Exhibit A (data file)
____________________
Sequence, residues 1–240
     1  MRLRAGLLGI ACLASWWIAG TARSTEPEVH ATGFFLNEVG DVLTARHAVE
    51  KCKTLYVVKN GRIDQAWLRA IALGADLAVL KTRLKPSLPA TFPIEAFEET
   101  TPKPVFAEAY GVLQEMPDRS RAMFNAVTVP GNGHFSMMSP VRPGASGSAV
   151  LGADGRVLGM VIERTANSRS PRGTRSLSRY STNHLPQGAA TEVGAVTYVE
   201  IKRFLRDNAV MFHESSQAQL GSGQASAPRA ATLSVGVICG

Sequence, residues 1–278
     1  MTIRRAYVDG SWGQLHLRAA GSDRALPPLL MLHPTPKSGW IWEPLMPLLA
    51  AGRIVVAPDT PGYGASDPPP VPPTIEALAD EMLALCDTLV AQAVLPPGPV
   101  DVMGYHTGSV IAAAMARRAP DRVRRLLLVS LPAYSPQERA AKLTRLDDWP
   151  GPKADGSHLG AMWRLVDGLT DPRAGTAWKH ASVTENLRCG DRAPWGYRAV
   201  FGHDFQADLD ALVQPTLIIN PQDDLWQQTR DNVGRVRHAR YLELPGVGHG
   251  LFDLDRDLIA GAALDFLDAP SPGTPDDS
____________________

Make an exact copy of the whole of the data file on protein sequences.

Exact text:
Sequence, residues 1–240
     1  MRLRAGLLGI ACLASWWIAG TARSTEPEVH ATGFFLNEVG DVLTARHAVE
    51  KCKTLYVVKN GRIDQAWLRA IALGADLAVL KTRLKPSLPA TFPIEAFEET
   101  TPKPVFAEAY GVLQEMPDRS RAMFNAVTVP GNGHFSMMSP VRPGASGSAV
   151  LGADGRVLGM VIERTANSRS PRGTRSLSRY STNHLPQGAA TEVGAVTYVE
   201  IKRFLRDNAV MFHESSQAQL GSGQASAPRA ATLSVGVICG

Sequence, residues 1–278
     1  MTIRRAYVDG SWGQLHLRAA GSDRALPPLL MLHPTPKSGW IWEPLMPLLA
    51  AGRIVVAPDT PGYGASDPPP VPPTIEALAD EMLALCDTLV AQAVLPPGPV
   101  DVMGYHTGSV IAAAMARRAP DRVRRLLLVS LPAYSPQERA AKLTRLDDWP
   151  GPKADGSHLG AMWRLVDGLT DPRAGTAWKH ASVTENLRCG DRAPWGYRAV
   201  FGHDFQADLD ALVQPTLIIN PQDDLWQQTR DNVGRVRHAR YLELPGVGHG
   251  LFDLDRDLIA GAALDFLDAP SPGTPDDS